Emmy winner Patrice Covington on playing Erma Franklin in ‘Genius: Aretha’

Covington sat down with theGrio to discuss working with Cynthia Erivo again, Aretha's legacy and much more

Loading the player...

Patrice Covington is a woman of many talents and she made quite the impact with her work on Genius: Aretha. 

As one of the leads in NatGeo’s third season of their Genius anthology series, the accomplished performer got to put her many talents on display for the world to see. Tackling the role of Erma Franklin, she helped to paint a picture of the late, great Queen of Soul. 

Read More: Courtney B. Vance and Suzan-Lori Parks discuss ‘Genius: Aretha’ on theGrio’s ‘Acting Up’ podcast

theGrio caught up with the brown-skinned beauty to find out what she learned about the icon while working on the powerful project that also stars Cynthia Erivo and Courtney B. Vance. 

While some folks may just be learning about Covington’s talent, she has been honing her craft for years. She’s a Grammy-nominated and Emmy-winning performer who starred in John Doyle’s Emmy-winning revival of The Color Purple on Broadway as “Squeak” alongside her Genius: Aretha costar, Cynthia Erivo. 

Patrice Covington Facebook Photo: JUAN VELOZ

“I have gotten to see Cynthia transform into so many things. I was there, in the beginning, to watch her star truly rise in The Color Purple and it’s an honor,” she told theGrio. “It’s truly an honor and it is inspiring to see. And I’m really happy for her.” 

In 2018, she took on the starring role of “Roz” in the Broadway musical, The Heart of Rock and Roll and previously snagged roles in The Book of Mormon and played “Effie” in Dreamgirls. 

Even with all of that experience under her belt, Patrice Covington admits her first TV gig was daunting, but the task was made easier by the fact that showrunner Suzan-Lori Parks was leading the project. 

“It was one of the things that made me feel the most comfortable. Suzan-Lori Parks, I know her from the theater world and all of her plays and things that I’ve studied my whole life,” she says. “This was my very first time on television in an acting role, so to have someone whose work I was already familiar with was just kind of perfect. It gave me a little bit more solace going into something so big for the first time.”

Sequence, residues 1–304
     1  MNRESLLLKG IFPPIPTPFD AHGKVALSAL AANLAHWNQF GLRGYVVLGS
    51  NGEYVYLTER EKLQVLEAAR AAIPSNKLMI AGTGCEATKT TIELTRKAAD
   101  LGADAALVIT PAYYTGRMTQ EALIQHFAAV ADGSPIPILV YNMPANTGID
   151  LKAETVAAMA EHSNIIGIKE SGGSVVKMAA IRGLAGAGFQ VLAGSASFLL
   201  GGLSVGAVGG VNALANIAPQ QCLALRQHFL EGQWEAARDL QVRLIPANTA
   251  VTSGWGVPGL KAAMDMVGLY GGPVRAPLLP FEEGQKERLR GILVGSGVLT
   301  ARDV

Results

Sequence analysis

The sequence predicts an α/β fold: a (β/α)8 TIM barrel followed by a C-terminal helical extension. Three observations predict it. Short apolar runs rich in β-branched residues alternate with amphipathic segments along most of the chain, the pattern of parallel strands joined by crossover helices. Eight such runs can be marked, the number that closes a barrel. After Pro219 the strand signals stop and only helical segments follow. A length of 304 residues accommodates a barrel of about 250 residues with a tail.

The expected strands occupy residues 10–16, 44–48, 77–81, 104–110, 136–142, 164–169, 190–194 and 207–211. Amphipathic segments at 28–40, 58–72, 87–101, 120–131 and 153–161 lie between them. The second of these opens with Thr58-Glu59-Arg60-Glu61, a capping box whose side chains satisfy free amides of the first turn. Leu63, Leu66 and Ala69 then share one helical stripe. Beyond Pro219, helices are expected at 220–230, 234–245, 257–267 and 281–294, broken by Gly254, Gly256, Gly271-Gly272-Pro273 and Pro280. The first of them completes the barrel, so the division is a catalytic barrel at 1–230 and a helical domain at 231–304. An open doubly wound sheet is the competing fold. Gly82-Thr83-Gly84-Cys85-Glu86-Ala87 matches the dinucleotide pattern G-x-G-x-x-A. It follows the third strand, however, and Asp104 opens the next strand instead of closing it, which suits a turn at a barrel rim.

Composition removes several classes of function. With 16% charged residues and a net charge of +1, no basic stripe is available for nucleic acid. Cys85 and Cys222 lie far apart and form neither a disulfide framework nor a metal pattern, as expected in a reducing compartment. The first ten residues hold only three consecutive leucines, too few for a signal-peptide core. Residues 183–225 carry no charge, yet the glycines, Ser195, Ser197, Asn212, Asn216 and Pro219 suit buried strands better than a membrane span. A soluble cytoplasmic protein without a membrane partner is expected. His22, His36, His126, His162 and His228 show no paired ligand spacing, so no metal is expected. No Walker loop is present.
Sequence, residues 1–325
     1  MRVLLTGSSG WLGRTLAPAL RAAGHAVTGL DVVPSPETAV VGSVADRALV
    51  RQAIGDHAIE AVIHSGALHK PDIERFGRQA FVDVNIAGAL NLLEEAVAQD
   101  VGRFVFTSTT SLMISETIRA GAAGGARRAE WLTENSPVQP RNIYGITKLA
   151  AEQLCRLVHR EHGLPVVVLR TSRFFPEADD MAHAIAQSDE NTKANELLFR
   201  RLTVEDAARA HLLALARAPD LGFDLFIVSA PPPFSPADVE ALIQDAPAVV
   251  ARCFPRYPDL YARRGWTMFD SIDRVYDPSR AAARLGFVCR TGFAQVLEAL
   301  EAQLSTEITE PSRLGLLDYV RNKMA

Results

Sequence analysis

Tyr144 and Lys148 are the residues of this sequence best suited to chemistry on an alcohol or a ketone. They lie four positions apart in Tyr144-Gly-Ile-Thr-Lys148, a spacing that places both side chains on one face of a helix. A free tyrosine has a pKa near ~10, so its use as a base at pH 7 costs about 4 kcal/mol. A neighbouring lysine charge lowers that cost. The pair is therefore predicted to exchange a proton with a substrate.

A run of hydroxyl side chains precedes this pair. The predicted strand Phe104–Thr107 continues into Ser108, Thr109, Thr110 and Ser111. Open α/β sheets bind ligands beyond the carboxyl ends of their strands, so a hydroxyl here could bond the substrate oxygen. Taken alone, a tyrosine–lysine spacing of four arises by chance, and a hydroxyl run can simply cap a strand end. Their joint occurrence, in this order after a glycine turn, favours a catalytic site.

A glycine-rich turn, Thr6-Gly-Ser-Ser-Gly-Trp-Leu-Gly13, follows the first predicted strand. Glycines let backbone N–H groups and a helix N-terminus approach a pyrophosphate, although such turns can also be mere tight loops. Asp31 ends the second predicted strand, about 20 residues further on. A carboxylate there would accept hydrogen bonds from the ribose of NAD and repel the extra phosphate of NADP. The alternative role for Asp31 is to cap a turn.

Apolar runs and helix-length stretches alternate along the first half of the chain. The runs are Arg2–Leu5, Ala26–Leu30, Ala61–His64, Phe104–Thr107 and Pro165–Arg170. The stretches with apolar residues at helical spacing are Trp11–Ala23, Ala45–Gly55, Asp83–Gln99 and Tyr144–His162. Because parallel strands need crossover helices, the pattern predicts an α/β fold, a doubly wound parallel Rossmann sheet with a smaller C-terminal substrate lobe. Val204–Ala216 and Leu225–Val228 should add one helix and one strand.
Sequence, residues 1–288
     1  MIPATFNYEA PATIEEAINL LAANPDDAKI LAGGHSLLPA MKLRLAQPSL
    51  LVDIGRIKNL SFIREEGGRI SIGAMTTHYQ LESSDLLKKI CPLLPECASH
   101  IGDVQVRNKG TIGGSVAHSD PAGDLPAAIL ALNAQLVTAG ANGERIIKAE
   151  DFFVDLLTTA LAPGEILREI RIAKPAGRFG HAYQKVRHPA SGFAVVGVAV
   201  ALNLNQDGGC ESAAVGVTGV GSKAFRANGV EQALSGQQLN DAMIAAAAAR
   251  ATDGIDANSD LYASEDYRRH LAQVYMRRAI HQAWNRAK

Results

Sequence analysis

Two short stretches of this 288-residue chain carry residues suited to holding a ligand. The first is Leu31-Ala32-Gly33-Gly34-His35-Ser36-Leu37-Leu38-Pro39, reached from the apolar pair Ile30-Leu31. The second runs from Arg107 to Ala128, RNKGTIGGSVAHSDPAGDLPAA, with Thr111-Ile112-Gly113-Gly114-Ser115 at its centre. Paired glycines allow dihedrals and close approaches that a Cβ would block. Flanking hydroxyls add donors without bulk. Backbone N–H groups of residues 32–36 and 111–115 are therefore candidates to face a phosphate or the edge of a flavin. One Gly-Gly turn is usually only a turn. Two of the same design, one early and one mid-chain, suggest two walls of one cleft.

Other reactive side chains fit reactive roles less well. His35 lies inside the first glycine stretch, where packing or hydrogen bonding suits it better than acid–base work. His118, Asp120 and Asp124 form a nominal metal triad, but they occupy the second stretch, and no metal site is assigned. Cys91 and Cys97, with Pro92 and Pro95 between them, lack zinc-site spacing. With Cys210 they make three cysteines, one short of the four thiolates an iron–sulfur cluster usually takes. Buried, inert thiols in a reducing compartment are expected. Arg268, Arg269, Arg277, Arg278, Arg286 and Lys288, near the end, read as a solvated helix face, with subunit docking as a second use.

Fortunately, the music aspect of the role was something Covington knew she could nail from the start. 

 “It was my favorite part, especially Aretha Franklin’s music. I just keep saying her music is truly embedded in the fabric of my life. The music is nostalgic and healing and it brings you back to that moment, whatever you had on, whatever you would do, and who you were with. And her music does that for me from my childhood. It’s always been a part of my life.” 

When it came to preparing for her role as Erma Franklin, Covington did her own research on the talented songwriter who happened to be Aretha’s sister. 

“I did look a lot on YouTube. I was able to find some pictures of her and can see how fabulous she was. And Suzan-Lori Parks had a great deal of information that she got from the family regarding she and Aretha’s relationship,” she explains.

“But one of the most amazing things that I found out was that the song that we all love called “Piece of My Heart,” which we know was made famous by Janis Joplin, was actually originated by Erma Franklin. And I thought that was really special.” 

 
 
 
 
 
View this post on Instagram
 
 
 
 
 
 
 
 
 
 
 

A post shared by Patrice Covington (@patricecovington)

Read More: Aretha Frankin’s family protest ‘Genius: Aretha’ after failed talks with network

She also weighed in on the controversy surrounding Genius: Aretha that was sparked by family members who allege they weren’t consulted. 

“I just kind of think art is legit. Art is legit and this woman’s story is legit and everybody deserves to get all the good, all the energy, and the information you can get from this woman and what she did to change this world,” she says. 

“I think we often, you know, unfortunately, in this business we have competition sometimes. But in this case, I don’t see it because we get eight hours to tell a story of a woman who changed history with music and art and who healed and continues to heal through now. She has been passed for a couple of years already and it’s still so special and still so important.”

Check out the interview above. 

Have you subscribed to theGrio’s new podcast “Dear Culture”? Download our newest episodes now!

Download our newest episodes now! theGrio is now on Apple TV, Amazon Fire, and Roku. Download theGrio today!

Loading the player...

Share